Trademark infringement can be prosecuted under both a federal act and state common law. The Lanham Act is the federal law that protects trademarks. A trademark doesn’t need to be registered with the U.S. Patent and Trademark Office (USPTO) to have legal protection. However, it will have stronger and broader legal protection if it does.
It’s also important to note that trademarks, registered or unregistered, have territorial limitations. Therefore, even if a trademark is registered with the USPTO, that offers no protection against infringement outside the United States. Similarly, anyone relying on state common law protection can’t use that protection against acts done outside that state.
Elements of Trademark Infringement
Generally, an owner of a trademark has the exclusive right to use that trademark in the specified area. Infringement can occur if someone else uses the exact trademark or one that is confusingly similar.
The specific elements one must prove to show trademark infringement are:
The complainant owns the trademark.
The trademark is a valid and legally protected one.
Another party is using the trademark for commerce in a way that is likely to cause confusion.
If a trademark is registered, the first two elements are easily resolved. They become larger issues when the trademark isn’t registered. However, in every case, the issue of whether the defendant is using the trademark in a way likely to cause confusion requires investigation.
The same mark can be used for products that are entirely unrelated. If someone wanted to name a perfume “IBM,” they may be able to do that because there’s very little likelihood it will be confused with the computer manufacturer. When determining if there is a likelihood of confusion, the courts typically look at the following criteria:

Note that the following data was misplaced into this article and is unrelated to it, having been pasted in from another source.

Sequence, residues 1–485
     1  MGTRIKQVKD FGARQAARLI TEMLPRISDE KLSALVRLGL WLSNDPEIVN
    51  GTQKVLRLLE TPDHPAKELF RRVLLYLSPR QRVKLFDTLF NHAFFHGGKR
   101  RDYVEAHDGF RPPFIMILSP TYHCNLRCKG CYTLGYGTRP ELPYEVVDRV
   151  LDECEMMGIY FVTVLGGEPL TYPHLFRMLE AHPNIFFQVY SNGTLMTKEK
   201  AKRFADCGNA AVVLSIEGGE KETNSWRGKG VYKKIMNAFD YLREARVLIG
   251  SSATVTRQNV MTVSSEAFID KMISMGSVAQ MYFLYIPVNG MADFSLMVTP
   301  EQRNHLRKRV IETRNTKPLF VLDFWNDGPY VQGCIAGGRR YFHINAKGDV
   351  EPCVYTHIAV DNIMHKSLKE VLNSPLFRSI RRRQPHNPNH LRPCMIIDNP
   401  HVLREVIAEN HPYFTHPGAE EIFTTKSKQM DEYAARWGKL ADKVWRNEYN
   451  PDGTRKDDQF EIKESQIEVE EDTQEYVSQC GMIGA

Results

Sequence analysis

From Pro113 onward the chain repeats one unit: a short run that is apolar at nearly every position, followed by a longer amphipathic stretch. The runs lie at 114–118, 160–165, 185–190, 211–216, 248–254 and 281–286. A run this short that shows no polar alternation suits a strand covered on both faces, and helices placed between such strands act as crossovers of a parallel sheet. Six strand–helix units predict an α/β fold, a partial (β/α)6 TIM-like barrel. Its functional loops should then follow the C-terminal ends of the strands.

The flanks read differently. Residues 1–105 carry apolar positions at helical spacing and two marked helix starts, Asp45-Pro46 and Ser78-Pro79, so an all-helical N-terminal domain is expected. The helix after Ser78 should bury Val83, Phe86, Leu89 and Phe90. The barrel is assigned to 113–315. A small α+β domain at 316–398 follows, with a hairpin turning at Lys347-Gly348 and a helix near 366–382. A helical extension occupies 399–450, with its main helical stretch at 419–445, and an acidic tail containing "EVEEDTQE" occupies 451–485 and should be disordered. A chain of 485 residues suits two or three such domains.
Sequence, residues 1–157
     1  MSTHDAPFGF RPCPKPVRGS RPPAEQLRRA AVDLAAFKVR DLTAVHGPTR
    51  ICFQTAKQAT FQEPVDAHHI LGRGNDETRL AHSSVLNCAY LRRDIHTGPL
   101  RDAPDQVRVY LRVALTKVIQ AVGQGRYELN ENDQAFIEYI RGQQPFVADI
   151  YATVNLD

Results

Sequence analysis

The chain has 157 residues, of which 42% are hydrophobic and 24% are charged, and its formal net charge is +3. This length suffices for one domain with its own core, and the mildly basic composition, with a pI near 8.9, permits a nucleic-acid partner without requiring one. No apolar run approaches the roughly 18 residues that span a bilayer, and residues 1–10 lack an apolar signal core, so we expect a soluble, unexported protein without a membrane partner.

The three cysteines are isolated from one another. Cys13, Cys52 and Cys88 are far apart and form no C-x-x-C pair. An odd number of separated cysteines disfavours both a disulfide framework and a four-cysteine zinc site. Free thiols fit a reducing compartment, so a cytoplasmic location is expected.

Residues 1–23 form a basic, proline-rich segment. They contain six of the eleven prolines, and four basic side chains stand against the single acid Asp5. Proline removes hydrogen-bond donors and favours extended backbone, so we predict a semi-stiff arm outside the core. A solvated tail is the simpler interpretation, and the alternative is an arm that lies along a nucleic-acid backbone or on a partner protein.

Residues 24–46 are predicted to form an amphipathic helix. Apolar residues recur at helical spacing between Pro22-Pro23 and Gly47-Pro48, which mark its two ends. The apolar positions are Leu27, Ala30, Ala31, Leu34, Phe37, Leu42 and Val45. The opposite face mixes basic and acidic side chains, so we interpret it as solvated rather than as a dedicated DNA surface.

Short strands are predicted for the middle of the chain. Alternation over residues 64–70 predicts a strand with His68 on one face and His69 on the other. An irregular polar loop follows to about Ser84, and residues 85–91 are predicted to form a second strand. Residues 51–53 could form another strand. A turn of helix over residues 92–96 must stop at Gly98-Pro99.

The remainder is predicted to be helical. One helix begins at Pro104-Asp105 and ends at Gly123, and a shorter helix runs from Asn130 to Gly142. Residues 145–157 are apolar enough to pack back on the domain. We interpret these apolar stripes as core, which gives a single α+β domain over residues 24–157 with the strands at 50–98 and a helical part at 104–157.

- The strength of the trademark.
- Even if a mark is trademarked, it might not have enough recognition to prohibit another party from using it or something similar.
- The proximity of the commercial activity.
While a trademark does cover a specific geographic area, the competing parties may still operate sufficiently far apart that confusion is unlikely. For example, a company in Chicago and a company downstate may not be in such proximity that their concurrent use of a similar mark would cause confusion.
- The similarity of the marks.
- If there is evidence of actual confusion.
- The marketing channels used by both parties.
- The degree of caution the typical buyer of these products uses.
If the product is of the type that usually requires a longer sales process and more investigation by a buyer, such as the sale of a car, then there is an expectation that buyers will recognize the difference between similar marks.
The defendant’s intent.
- A company can’t trying to ride the marketing efforts of a popular trademark by intentionally using a confusingly similar mark.
Successful complainants can prevent the party sued from using the mark in question. They can also seek to take any profits the defendant earned as a result of using the mark paid to them. This would be above any compensatory damages they could show.